Lage trained as a pediatrician before entering the Cuban government. In the early 1990s Lage became an adviser to Fidel Castro, gaining a reputation as Cuba's "primary economic fixer". Lage was responsible for coordinating energy, trade and currency issues. Lage is also credited with Cuba's national Energy Revolution program and the collaboration with other countries in this area. In the early 1990s, during the economic era known in Cuba as the Special Period he initiated a series of economic reforms that allowed for limited land holdings and small business initiatives. More recently, Lage negotiated a guaranteed supply of subsidized oil from Venezuela, in exchange for medicines and up to 2,000 Cuban doctors and health professionals to live in Venezuela for a time and treat that country's poor. The scheme incorporates the Venezuelan Mission Barrio Adentro welfare program.
He is also known as an academic expert on U.S. history and politics. Thus he was an advisor to the president of Cuba (until recently Fidel Castro) on this topic. An avid reader in political theory, he is known to be an expert in comparative politics and democratic studies and he is a strong advocate of the Cuban political system. Internationally he is known for having conversations with European leaders.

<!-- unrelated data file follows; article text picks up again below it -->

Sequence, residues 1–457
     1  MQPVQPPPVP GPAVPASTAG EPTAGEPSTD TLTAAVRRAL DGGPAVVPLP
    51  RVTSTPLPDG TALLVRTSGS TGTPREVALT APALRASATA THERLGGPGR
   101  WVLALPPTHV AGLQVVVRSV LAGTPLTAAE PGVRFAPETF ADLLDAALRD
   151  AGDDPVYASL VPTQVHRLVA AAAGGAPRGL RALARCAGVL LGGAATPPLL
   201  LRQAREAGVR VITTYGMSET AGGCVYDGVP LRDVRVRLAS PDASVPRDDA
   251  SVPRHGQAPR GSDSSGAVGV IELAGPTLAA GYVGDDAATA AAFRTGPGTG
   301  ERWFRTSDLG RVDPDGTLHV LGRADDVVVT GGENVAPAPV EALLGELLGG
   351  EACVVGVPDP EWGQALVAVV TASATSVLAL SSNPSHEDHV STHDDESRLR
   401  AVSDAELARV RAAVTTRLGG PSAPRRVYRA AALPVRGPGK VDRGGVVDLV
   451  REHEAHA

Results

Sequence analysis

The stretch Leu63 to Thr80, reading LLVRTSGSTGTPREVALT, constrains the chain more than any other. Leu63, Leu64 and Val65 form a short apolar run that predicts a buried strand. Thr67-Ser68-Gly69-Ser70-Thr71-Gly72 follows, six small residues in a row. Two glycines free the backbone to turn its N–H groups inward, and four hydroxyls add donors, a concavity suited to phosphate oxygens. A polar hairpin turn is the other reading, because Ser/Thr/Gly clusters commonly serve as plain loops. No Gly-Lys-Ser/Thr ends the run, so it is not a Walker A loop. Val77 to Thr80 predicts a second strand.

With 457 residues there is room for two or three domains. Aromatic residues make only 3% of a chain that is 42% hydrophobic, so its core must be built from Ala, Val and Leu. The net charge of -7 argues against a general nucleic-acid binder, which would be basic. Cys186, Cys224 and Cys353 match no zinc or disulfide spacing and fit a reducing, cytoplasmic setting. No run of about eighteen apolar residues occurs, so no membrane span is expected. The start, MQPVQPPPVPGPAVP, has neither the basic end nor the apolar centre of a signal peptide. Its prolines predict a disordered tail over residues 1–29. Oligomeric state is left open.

With the retirement of President Fidel Castro in early 2008, Lage was mentioned by experts as a possible successor to Castro if the Cuban regime decided to go with a younger leader rather than Fidel's brother, Raúl Castro. On 24 February 2008, Raúl Castro was elected President; Lage was unanimously re-elected to his old post as one of the Vice Presidents of the Council of State.
On 2 March 2009 Raul Castro's government removed Lage from his position as Executive Secretary of the Council of Ministers as part of a substantial cabinet reshuffle. Fidel Castro then criticized him and Foreign Minister Felipe Pérez Roque (without naming them) for being influenced by the "honey of power" in a statement on 3 March, and Lage announced his resignation from all his party and state positions—membership on the Communist Party's Central Committee and Political Bureau, membership on the Council of State, and his role as a parliamentary deputy—in a letter published on 5 March. In that letter, he also accepted Castro's criticism and agreed that he had committed errors.
It has been reported that Lage has returned to working in the health service.